Registered dietitian Elizabeth Somer weighs in on “fad diets” and why they often lose popularity and fade away.
“Fad diets almost never teach you how to eat right, so as soon as you go off the fad diet, you return to your old eating habits and gain back all the weight, sometimes more. Also, if you’re losing more than 1 to 2 pounds a week on a fad diet, it’s not healthy and you’re likely losing water and muscle tissue instead of fat.”
So, how do we put healthy weight-loss guidelines into practice? Elizabeth has a few suggestions:
- Develop your plan and stick with it. You want an eating plan you can live with for life. Your ultimate goal is not just a certain figure or a number on the bathroom scale, it is a lifelong commitment to be the best and healthiest you.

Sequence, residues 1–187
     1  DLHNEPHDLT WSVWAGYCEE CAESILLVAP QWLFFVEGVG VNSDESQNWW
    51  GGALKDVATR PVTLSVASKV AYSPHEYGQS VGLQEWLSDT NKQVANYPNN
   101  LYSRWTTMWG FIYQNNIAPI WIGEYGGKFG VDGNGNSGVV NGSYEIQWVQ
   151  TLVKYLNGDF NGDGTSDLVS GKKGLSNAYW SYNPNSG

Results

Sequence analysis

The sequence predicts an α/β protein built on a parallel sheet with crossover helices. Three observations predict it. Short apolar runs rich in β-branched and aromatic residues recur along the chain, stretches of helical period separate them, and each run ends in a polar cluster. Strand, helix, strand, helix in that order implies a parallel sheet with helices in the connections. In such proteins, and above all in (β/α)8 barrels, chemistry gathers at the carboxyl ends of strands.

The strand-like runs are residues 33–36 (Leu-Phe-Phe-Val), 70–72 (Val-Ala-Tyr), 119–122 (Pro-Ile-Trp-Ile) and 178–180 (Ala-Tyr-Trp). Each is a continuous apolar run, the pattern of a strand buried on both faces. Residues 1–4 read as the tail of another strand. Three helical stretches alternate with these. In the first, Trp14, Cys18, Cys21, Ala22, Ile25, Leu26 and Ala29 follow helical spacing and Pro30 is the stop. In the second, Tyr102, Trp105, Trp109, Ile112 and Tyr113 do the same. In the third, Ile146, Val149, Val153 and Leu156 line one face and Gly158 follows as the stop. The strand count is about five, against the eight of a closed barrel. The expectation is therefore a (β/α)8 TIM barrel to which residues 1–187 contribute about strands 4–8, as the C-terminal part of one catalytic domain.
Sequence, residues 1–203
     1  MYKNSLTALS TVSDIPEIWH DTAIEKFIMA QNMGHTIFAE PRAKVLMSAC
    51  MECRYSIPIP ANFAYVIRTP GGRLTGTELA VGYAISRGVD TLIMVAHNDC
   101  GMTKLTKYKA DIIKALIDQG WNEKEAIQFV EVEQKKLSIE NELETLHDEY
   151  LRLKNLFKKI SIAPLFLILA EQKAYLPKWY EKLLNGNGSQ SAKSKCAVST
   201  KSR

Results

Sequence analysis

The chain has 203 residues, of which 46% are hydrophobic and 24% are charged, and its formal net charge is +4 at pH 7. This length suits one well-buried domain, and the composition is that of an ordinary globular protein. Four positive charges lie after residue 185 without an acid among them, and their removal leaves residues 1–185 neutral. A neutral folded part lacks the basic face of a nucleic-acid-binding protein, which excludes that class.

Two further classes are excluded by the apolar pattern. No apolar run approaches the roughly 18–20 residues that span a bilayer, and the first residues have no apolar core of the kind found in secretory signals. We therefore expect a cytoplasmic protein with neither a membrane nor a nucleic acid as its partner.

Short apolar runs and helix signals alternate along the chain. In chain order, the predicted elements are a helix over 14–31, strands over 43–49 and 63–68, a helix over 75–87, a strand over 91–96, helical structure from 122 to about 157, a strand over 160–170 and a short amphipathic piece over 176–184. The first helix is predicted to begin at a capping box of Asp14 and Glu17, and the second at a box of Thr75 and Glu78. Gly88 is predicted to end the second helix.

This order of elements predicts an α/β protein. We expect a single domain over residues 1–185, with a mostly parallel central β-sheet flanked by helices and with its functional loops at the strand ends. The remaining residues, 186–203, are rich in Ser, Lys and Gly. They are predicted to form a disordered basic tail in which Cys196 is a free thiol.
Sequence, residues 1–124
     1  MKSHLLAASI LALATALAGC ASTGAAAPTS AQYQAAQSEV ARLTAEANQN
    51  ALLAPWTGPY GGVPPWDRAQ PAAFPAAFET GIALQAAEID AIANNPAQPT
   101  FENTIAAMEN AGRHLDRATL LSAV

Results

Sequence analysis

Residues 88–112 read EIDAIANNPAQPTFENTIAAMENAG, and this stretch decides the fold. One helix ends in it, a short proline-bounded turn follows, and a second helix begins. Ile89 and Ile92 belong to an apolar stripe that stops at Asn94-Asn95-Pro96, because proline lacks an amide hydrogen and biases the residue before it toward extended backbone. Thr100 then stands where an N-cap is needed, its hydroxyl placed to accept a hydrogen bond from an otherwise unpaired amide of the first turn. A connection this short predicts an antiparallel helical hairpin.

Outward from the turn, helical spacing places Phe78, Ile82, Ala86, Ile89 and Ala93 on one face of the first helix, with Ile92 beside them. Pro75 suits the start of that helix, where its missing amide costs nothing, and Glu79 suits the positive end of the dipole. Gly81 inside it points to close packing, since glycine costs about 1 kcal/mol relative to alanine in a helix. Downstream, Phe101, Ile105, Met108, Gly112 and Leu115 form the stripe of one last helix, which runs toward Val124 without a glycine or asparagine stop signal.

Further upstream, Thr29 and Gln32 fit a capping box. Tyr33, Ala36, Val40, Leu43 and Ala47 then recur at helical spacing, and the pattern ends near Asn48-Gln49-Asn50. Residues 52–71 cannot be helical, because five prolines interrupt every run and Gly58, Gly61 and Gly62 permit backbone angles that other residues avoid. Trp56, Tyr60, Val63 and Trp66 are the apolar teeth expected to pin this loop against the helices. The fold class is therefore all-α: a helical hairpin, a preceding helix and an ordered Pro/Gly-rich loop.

- Focus on Plants. The basis of a successful weight-management eating plan is to emphasize fruits, vegetables and whole grains, with moderate amounts of calcium-rich (nonfat milk) and iron-rich (extra-lean meats, chicken, fish or legumes) foods. Be sure to get plenty of omega-3 fatty acids in your diet and if you can’t eat fish several times a week, you can supplement with an omega-3 DHA supplement like Algal-900 or Ovega-3.
- Eat Frequently. Dividing the same amount of calories you’d consume in three large meals into five or more little meals and snacks encourages the body to “burn” the food for immediate energy rather than store it in the hips and thighs.
- Exercise. Even if you can lose weight on diet alone, you can’t maintain the loss unless you exercise daily. Start small with 10-minute walks and work up to a regular 3-mile walk.
What’s been your experience with fad diets?